ad info

 
CNN.com  technology > computing
    Editions | myCNN | Video | Audio | Headline News Brief | Feedback  

 

  Search
 
 

 
TECHNOLOGY
TOP STORIES

Consumer group: Online privacy protections fall short

Guide to a wired Super Bowl

Debate opens on making e-commerce law consistent

(MORE)

TOP STORIES

More than 11,000 killed in India quake

Mideast negotiators want to continue talks after Israeli elections

(MORE)

MARKETS
4:30pm ET, 4/16
144.70
8257.60
3.71
1394.72
10.90
879.91
 


WORLD

U.S.

POLITICS

LAW

ENTERTAINMENT

HEALTH

TRAVEL

FOOD

ARTS & STYLE



(MORE HEADLINES)
*
 
CNN Websites
Networks image


USB for me... USB for you

Image
Network World Fusion

March 15, 2000
Web posted at: 8:24 a.m. EST (1324 GMT)

(IDG) -- Despite the explosion of PCs with Universal Serial Bus (USB) support, Gearhead has been intrigued by how little people know about this new technology. Indeed, Gearhead must admit that our own knowledge was a little sketchy, hence this column.

USB came about because of the need to develop a workable, simple-to-use and low-cost external expansion bus for PCs. This need arose because, although the Peripheral Components Interconnect (PCI) bus solved many performance and compatibility problems that had plagued the old Industry Standard Architecture bus, difficulties related to opening the case to add or change an expansion card and then reconfiguring the system remained.

  MESSAGE BOARD
 

Furthermore, while PCI made the Windows Plug-n-Play system possible, it didn't guarantee that Plug-n-Play worked (hence the other term for Plug-n-Play: Plug-n-Pray).

USB was built around a serial bus (parallel busses are expensive) and designed to allow dynamic configuration. This means that add-on components can be "hot-swapped" (added and installed or removed and uninstalled while the system is running and without rebooting - now there's a step forward).

MORE COMPUTING INTELLIGENCE
IDG.net   IDG.net home page
  USB set-up at a glance
  Music in the key of USB
  Top 10 graphics boards (March 1999)
  Revamping the home computer
  Reviews & in-depth info at IDG.net
  E-BusinessWorld
  Year 2000 World
  Questions about computers? Let IDG.net's editors help you
  Subscribe to IDG.net's free daily newsletter for network experts
  Search IDG.net in 12 languages
  News Radio
  * Fusion audio primers
  * Computerworld Minute

USB uses a master-slave design with the PC acting as the master and controlling the flow of all traffic. Such a design means that slave devices (peripherals) can be less expensive and simpler. Power can also be supplied to USB slave devices through the USB interface, again simplifying the design of peripherals and improving usability. In a USB system, there are four types of devices: I/O devices, hubs, compound devices and composite devices.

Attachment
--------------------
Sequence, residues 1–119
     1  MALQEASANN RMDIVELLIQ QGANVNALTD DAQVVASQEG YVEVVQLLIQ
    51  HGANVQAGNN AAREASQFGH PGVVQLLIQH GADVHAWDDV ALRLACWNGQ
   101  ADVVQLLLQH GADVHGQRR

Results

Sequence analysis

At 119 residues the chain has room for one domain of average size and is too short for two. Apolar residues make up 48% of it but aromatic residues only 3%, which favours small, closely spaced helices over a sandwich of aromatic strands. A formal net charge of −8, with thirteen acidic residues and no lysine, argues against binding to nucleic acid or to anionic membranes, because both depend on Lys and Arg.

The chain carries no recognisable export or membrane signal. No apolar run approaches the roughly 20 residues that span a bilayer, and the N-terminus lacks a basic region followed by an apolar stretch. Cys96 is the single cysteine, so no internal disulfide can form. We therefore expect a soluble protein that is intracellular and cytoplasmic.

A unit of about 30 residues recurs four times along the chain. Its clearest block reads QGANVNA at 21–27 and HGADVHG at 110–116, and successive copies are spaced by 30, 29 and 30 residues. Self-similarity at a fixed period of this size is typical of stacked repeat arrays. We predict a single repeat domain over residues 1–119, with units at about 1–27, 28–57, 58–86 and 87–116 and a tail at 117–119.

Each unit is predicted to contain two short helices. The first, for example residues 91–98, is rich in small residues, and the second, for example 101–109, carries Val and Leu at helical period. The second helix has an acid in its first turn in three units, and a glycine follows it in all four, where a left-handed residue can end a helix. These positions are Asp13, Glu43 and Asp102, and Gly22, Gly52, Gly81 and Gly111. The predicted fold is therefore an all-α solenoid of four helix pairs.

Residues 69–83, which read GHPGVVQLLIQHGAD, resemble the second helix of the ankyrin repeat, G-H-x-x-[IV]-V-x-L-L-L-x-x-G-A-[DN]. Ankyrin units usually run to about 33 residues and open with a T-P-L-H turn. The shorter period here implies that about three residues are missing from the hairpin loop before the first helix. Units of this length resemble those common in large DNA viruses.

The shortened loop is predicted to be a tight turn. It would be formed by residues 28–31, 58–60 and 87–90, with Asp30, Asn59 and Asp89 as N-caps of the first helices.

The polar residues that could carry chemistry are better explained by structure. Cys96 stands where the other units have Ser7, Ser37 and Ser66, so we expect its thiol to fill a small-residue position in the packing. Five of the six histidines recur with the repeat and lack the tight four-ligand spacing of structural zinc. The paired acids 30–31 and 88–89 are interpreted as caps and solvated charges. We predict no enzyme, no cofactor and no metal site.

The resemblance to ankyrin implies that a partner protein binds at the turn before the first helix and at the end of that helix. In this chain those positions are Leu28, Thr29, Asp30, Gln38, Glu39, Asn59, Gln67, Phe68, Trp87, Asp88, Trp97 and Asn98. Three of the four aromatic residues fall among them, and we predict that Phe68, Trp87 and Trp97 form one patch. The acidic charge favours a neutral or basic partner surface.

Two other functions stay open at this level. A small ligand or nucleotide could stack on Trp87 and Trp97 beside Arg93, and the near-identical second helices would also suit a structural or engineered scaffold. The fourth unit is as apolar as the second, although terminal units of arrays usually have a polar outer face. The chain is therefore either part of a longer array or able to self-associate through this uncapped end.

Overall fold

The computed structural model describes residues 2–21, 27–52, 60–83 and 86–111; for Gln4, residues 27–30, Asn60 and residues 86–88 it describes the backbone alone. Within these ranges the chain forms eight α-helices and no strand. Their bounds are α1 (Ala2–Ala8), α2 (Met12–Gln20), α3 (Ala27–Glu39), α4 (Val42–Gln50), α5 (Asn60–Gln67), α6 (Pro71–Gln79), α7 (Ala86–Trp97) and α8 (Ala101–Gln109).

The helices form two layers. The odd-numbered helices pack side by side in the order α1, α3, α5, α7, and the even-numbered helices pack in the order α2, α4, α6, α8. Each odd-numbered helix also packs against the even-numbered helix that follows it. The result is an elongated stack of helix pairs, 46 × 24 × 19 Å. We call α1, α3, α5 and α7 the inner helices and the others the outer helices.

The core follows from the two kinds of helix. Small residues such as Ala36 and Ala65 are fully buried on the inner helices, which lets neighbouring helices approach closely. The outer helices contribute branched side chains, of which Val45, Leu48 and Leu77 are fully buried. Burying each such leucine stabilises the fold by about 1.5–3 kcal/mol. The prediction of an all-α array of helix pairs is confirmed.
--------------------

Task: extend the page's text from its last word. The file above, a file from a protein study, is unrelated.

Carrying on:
An I/O device is the piece of equipment you want to connect to your PC: a modem, keyboard, mouse, scanner, speakers, etc. A USB system can support up to 126 devices. In Gearhead's experience, a few devices (two or three), will operate just fine, but don't push your luck, particularly if your processor is less than a Pentium II.

Hubs connect multiple USB ports to allow a number of USB slave devices to communicate. Hubs can be cascaded to a depth of five levels and here's where choosing the right type of hub can be crucial: If you use a self-powered hub, the USB specification says that 500 milliamps (mA) will be supplied to each connected device or hub. If the hub is self-powered, then only a total of 500 mA will be available to all connected devices. As the hub itself will count as one device, the true total available for all attached devices will be only 400 mA.

As each port demands 100 mA, other hubs that are connected to an unpowered hub will have to be self-powered if they are to function (while cascaded unpowered hubs might work, devices connected to them might not work even if the devices are, in turn, self-powered). In real life, this can be incredibly confusing to end users and support staff.

Compound devices are peripherals that also offer hub functionality: USB-enabled monitors are a good example. Composite devices are the over-achievers of the USB world - they are devices that combine several input/output functions in one peripheral. For example, a keyboard with speakers or combo toaster/MRI scanner (just kidding, Gearhead knows of no such product).



RELATED STORIES:
A look at FireWire and USB
February 10, 2000
Color-coordinated drives due for iMac
January 5, 2000
USB bonanza! Over 15 controllers add to your gaming pleasure
November 19, 1999
USB breaks speed barriers
October 19, 1999

RELATED IDG.net STORIES:
USB set-up at a glance
(Macworld)
Revamping the home computer
(PC World)
USB mouse attack
(Macworld)
Music in the key of USB
(Macworld)
Joysticks for serious gamers
(GameProWorld.com)
Universal port replicator ready to ship
(Infoworld)
The Ten Commandments of installing upgrade cards
(PC World)
Top 10 graphics boards (March 1999)
(PC World)

RELATED SITES:
USB.org
Linux USB
allUSB - USB product news and information

Note: Pages will open in a new browser window
External sites are not endorsed by CNN Interactive.

 Search   

Back to the top   © 2001 Cable News Network. All Rights Reserved.
Terms under which this service is provided to you.
Read our privacy guidelines.